Tuesday, Dec. 30, 2008 | 2 a.m.
The owner used to be just a door knock away. Gift cards were handed out for Thanksgiving and Christmas, and the work atmosphere had the feel of family.
Basically, all the hallmarks of a mom-and-pop business.
But things changed at MedicWest, one of the two ambulance companies that serve the Las Vegas area, when national giant Emergency Medical Services Corp. bought the local company in summer 2007. And now there seem to be some growing pains in adjusting to the new way of business.
Among them, a few fitful attempts at organizing.
Of more than 250 MedicWest employees, more than 130 signed cards for a union election next month, seeking representation with the International Association of EMTs and Paramedics. But the organizers called the campaign off Sunday night.
Support for the union started dissipating a few weeks ago when a new operations manager was brought in — someone who seemed to fit the times of old.
“He should be afforded the opportunity (to make changes) in the spirit of fairness,” said Scott Diel, a paramedic involved in the union organizing. “We’re willing to suspend the union campaign as an offer of good will.”
It’s not an unfamiliar situation.
When MedicWest was sold last year, some paramedics started an organization drive with another union. John Wilson, one of the former owners, appealed to the employees to give the new ownership a year. They agreed, and the union drive failed.
As time went on, there was growing dissatisfaction with the new management.
To hear some tell it, MedicWest was once the preferred place to work over American Medical Response, which is the other company in town and is also owned by EMS Corp.
That reputation is what brought paramedic Ryan Maffia to the company. On vacation in Las Vegas four years ago, he started chatting up local paramedics, telling them he was thinking about relocating. One AMR paramedic told him if he had it to do over again he would chose MedicWest — a story Maffia heard over and over. Then he ran into some MedicWest paramedics and they couldn’t stop talking about how great the company was.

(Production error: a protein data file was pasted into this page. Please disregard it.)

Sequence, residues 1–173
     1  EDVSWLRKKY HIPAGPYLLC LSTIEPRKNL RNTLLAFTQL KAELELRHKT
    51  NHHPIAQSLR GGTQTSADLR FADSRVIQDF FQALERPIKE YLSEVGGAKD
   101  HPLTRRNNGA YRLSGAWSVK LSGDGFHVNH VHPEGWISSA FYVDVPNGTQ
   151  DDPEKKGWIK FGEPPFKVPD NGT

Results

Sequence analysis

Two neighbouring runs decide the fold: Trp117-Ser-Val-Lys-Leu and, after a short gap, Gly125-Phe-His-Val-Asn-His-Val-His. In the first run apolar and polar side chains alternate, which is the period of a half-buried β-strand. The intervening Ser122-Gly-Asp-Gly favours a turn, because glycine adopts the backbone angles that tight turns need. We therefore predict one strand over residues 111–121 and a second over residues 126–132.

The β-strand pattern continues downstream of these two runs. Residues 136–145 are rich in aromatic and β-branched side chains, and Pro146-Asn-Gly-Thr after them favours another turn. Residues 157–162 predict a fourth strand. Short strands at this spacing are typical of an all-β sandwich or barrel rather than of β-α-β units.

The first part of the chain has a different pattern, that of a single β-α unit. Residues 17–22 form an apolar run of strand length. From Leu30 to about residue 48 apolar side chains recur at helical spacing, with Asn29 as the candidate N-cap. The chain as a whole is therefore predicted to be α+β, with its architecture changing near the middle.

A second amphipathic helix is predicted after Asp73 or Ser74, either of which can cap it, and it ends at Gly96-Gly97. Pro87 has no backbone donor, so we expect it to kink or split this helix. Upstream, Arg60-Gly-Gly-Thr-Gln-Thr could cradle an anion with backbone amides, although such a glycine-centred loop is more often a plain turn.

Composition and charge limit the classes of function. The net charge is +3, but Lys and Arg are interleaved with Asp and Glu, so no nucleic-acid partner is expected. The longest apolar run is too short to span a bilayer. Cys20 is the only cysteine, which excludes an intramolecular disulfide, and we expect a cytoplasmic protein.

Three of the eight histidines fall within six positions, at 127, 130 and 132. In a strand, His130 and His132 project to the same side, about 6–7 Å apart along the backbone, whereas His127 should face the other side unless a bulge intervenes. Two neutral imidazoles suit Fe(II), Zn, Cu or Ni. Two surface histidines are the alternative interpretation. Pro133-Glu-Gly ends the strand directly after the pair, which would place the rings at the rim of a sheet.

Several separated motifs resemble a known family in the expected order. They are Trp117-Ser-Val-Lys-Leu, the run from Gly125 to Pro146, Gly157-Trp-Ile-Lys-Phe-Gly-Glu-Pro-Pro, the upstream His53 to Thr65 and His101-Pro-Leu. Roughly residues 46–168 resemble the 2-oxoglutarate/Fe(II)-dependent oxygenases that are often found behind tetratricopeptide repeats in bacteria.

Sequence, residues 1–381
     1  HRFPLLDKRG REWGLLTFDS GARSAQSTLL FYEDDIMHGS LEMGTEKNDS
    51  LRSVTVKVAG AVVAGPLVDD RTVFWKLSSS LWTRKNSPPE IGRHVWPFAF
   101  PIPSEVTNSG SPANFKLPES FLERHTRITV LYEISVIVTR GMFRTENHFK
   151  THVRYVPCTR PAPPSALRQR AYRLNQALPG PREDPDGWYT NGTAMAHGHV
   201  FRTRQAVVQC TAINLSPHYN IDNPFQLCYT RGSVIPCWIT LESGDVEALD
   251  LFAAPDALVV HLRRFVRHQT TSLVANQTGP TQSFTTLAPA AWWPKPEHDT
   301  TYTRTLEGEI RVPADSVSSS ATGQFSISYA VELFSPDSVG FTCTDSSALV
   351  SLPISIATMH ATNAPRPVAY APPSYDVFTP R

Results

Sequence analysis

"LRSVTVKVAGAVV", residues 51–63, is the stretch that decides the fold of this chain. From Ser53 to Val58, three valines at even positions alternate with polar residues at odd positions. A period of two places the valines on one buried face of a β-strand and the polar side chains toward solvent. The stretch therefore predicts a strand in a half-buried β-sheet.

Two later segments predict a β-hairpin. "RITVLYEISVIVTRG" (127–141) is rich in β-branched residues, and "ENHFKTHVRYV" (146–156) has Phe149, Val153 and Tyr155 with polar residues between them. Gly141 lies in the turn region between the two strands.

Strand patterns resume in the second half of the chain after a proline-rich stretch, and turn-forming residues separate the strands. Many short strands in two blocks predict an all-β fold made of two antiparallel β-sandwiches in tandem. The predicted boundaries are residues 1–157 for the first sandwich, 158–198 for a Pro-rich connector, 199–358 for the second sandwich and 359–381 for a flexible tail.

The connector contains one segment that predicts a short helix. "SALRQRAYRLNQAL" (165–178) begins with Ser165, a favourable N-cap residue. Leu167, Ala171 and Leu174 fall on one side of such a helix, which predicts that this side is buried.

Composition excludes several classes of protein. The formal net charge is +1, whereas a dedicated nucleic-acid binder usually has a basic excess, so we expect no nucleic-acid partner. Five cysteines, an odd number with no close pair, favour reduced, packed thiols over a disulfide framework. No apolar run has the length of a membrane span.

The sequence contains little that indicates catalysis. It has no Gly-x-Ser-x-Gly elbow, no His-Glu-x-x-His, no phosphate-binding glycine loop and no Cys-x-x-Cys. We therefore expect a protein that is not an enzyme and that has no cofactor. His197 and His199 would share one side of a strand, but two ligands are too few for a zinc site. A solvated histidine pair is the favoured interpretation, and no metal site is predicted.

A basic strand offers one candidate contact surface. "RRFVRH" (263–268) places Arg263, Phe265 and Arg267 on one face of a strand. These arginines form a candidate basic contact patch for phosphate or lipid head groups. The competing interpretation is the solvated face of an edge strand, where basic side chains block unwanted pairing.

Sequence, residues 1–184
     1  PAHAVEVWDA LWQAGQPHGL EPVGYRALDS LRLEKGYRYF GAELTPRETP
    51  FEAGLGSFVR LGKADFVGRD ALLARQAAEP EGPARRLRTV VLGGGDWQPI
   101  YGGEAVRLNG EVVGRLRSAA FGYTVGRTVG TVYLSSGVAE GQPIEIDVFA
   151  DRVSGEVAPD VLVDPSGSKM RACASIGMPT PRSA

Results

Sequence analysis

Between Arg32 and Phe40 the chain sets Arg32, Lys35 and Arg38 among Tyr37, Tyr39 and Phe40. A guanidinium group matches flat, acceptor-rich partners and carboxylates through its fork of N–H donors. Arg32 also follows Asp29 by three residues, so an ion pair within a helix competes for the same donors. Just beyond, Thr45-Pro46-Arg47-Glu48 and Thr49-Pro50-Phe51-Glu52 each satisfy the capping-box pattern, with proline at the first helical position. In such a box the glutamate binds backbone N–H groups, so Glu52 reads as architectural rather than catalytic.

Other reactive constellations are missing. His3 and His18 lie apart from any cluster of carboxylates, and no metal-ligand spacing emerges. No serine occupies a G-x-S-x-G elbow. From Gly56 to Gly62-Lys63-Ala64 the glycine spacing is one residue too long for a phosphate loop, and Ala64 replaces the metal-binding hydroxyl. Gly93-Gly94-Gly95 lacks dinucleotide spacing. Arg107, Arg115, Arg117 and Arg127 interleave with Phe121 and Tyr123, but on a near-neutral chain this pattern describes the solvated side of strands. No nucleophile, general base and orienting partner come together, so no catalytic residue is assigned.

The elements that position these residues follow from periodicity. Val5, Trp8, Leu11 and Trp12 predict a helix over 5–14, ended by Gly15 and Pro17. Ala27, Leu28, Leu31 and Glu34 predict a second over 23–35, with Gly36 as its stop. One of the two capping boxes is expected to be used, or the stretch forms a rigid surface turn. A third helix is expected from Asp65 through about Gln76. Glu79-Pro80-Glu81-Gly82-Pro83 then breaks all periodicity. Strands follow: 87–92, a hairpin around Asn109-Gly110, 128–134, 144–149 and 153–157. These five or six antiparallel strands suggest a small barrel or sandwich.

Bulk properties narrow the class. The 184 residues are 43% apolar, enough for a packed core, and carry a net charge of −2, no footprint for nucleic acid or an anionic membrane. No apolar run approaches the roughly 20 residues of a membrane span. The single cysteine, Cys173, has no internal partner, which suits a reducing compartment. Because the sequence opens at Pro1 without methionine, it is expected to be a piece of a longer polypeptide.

“It’s very sad to see that change. It’s not the same company anymore,” Maffia said. “It’s not a terrible place to work. It’s decent. But it used to be amazing.”
Oftentimes when a small-business culture is replaced with that of a corporate behemoth, unionism is looked to as a way to recapture a sense of employee empowerment, according to Nelson Lichtenstein, director of the Center for the Study of Work, Labor and Democracy at University of California, Santa Barbara.
Before the sale, paramedics said they felt they were heard. Although Wilson still has an office at MedicWest, he isn’t there as often and the buck no longer stops with him. The final say is with headquarters in Colorado.
Some said they were looking to unionize to get a stronger voice with management, and “have a little more say of what goes on in day-to-day operations,” Maffia said. “I think the biggest thing we all complain about is they say nothing has changed and then everything has changed.”
Among them: Overtime has been eliminated and part-timers are finding it more difficult to pull as many hours. Some even grumbled about how paperwork forms had changed.
Paramedics started wondering: “What’s going to happen today when I get to work?” according to Diel.
Wilson, who is now general manager of MedicWest and AMR, said he believes his employees are best served working directly with management instead of having a middle man, and he thinks it was only a few pro-union people who were stirring things up.
The old operations manager, though, has gone to AMR. And his replacement, Mark Calabrese, has been holding meetings with the staff to see what the concerns are.
The biggest gripe he heard: Employees missed the face-to-face communication they used to have with management (they weren’t too fond of mass memos as means of keeping employees informed).
Calabrese has been with the company since its inception, so “I relate to exactly what they’re talking about it,” he said.
There are still complaints about staffing policies, holiday pay and the state of some of the ambulances, but for now the union campaign is put on hold for six months.